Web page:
Monday, July 7, 2008

Spiritual generosity

It was my birthday last week. Among the many lovelinesses offered by dear ones, one of them really got me thinking. My friend G is a writer, a poet, a tender and generous soul. She also happens not to believe in God, at least in a "traditional" sense. No big, bearded guy in the sky for G. (Or, actually, for me...but that's another post.)

What she does believe in is generosity. In sharing whatever she's eating. In taking care of each other and giving voice to the voiceless. Or, as that Jesus guy said, in "loving your neighbor as yourself."

She tells me that I'm the only "churchy" person she's ever known well. She regards the Church with suspicion, not having grown up in one, and having heard mostly exclusionary, judgmental messages from our loudest voices.

But G is a writer, and thus has a gift for observation. She "gets" me on a surprisingly deep level for someone I've known only a year. So, among several presents that made me grin, I found this book.

"I saw it on the shelf and knew right away that you'd love it. I had to get it even though I'd already bought your present," mused G.

Understand, please, that the content doesn't set her heart on fire or anything. But she knew that it would do so for mine.

It got me thinking about a couple of things:
  1. It's a gift to be truly seen and to be loved as the person you are. I think that's what our relationship with our Creator is, most fundamentally. It's warts-and-all acceptance, coupled with the desire for the loved one to keep right on becoming.
  2. In order to truly give something, you have to empty yourself. This gift was not about G. Many people I know (and certainly I'm one of them sometimes) would be more likely to offer something that's meaningful to them, in the hope that it will be meaningful to the recipient. And I think there's often a lovely impulse behind that, as well. But the conscious choice to offer a gift with no agenda other than the joy and growth of the recipient...that's powerful stuff.
Which leads me to the question: what if our evangelism looked like that? (as opposed to "edifying instruction")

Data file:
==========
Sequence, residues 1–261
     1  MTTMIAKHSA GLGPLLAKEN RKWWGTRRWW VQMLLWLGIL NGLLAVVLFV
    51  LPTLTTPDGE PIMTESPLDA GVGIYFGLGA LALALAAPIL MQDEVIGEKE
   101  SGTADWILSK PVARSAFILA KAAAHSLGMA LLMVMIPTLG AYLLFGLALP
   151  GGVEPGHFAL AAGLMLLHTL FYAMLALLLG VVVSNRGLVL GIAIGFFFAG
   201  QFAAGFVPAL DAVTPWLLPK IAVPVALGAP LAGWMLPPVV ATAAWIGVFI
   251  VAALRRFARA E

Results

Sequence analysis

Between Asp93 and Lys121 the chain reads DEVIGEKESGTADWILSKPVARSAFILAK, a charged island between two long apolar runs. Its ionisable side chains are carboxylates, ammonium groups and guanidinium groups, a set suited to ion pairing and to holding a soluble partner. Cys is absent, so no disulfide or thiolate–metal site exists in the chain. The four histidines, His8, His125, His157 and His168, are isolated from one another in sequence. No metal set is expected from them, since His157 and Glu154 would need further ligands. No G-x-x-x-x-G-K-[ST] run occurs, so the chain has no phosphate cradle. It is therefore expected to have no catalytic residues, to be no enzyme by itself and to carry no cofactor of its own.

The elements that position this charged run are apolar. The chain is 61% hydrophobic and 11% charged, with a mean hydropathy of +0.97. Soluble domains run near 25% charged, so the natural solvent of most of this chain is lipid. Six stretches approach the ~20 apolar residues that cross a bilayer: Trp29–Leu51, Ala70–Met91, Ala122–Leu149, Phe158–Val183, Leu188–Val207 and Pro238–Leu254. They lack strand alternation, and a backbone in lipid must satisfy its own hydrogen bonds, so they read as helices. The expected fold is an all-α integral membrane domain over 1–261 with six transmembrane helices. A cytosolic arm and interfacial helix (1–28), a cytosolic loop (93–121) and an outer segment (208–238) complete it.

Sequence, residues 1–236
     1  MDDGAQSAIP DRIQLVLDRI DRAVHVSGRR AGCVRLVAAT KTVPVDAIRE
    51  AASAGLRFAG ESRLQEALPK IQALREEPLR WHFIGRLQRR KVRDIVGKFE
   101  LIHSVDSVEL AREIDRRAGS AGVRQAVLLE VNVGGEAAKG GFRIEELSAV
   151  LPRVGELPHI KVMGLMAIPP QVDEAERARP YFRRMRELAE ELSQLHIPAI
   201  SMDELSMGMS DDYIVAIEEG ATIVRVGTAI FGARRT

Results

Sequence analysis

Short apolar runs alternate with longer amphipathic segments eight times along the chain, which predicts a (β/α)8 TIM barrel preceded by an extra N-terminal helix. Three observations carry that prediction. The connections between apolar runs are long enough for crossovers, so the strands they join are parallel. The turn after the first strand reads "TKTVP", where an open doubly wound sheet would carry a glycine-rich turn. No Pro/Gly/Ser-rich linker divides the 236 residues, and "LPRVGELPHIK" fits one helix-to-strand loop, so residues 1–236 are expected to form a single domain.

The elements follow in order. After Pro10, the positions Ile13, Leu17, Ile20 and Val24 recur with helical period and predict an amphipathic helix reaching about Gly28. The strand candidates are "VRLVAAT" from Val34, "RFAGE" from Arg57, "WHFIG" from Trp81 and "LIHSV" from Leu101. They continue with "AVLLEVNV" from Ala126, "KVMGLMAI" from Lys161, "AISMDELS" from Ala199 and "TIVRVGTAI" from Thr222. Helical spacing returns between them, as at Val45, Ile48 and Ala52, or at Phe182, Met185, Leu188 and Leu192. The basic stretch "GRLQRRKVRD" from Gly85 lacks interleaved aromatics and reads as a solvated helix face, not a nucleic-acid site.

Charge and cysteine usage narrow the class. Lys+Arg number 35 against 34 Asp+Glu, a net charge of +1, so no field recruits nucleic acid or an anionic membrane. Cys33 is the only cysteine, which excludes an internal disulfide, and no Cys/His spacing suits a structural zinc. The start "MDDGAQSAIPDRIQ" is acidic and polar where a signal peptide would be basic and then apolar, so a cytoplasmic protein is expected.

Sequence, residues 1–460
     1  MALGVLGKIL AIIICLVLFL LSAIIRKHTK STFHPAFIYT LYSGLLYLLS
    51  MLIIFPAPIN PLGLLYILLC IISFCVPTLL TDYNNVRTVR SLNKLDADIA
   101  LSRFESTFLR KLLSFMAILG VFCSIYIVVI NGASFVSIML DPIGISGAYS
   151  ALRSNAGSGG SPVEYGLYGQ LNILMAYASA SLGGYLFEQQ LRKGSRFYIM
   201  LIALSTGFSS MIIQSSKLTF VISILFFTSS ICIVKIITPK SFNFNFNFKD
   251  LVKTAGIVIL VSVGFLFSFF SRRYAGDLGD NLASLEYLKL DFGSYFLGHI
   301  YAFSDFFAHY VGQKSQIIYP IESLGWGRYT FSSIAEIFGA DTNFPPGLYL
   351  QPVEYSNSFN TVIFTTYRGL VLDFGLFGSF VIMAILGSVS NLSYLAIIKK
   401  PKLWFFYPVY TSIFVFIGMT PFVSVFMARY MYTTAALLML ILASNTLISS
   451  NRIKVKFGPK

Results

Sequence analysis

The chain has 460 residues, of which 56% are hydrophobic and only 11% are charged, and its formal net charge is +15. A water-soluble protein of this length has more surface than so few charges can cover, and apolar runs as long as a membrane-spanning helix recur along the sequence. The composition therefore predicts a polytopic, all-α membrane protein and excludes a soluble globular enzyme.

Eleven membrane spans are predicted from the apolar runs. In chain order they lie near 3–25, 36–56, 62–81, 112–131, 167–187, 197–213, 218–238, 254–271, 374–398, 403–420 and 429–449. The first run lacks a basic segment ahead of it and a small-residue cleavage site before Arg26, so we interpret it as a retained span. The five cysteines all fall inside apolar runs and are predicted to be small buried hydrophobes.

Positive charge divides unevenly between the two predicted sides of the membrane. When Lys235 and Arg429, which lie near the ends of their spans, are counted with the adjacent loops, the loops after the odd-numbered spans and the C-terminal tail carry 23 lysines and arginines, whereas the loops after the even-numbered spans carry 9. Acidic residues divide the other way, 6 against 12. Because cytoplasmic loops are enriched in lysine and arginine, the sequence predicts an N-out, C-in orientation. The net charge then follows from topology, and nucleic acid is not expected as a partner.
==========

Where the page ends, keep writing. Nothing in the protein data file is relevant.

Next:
• What if we just met people where they are, with all the love we can muster?
  • What if we stopped treating our Christian story as something that needs defense and protection from the unbeliever (or the "wrongbeliever") and started acting in the confidence the love of God is so strong, it can't be constrained?
  • What if we found a way to truly see the stranger, and respond in love to her/his full humanity--the pain, the growth, the joy, the brokenness?
  • What if we could act from a position of equality, instead of one of "I have something you need," or (worse) "I know how you should be living?" Just as fellow human beings on the same level--as friends.
  • What if my churchless friend G has a clearer understanding of what it is to be Church than we on the "inside" do?
  • What if we listened to her and learned from her example?
What a powerful witness to the One who came in full humanity to bleed and sweat and laugh and cry with us: Emmanuel, God With Us.

So, G--thanks for the gift. And for the Gift. :-)


Songbird said...

This is just great.
A friend shared some poems from this book at clergy group last week. I need a copy, too!

Diane said...

oh, you and your friend... are so wise.

oh, if only our evangelism looked more like that.

Jan said...

I love this book. So glad your friend gave it to you. And it inspired you write such wise words. Thank you, CG.

FranIAm said...

Oh that book sounds great.

And such blessings to you on your birthday- you who are such a blessing to many. That from me who has not known you long, but truly is grateful for your presence.

I have this on my desktop in a file because I am going to write a post- church, FIA or both with it, but it seems appropriate for here.

It is my gift to you, tiny as it is. Happy Birthday you woman of wise and generous love yourself.

All Real Living is Meeting
by Martin Buber

Yahweh, Jesus, Allah, God,
I do not suppose You are very tied to titles,
You seem to revel more
in creating and loving
Than arguing like we do.

You are beyond any name,
Beyond this group or that,
Beyond ideas or any ability to
Control You by definitions.

You are the Utterly Free One.
You are the Eternal I
That always allows me to be a Thou
Whenever we meeet.

You are the Speaker, I am the spoken,
So Love must be Your name!
Which is always beyond words.


(it was on a prayer card with st. francis embracing the sultan. that there is some good evangelizin' - no? with kindness, love and respect.)

Ruth Hull Chatlien said...

Very good post. You did so much with this idea and exploring how evangelism might look in this guise.
I loved all your questions.

Shalom said...

Thanks so much for this post. So, so well said.

Cecilia said...

So beautiful, just right.

You are a minister/ theologian. You know that, right?

Pax, C.

Mrs. M said...

This is really great.

Choralgirl said...

Thanks, y'all. :-) Really.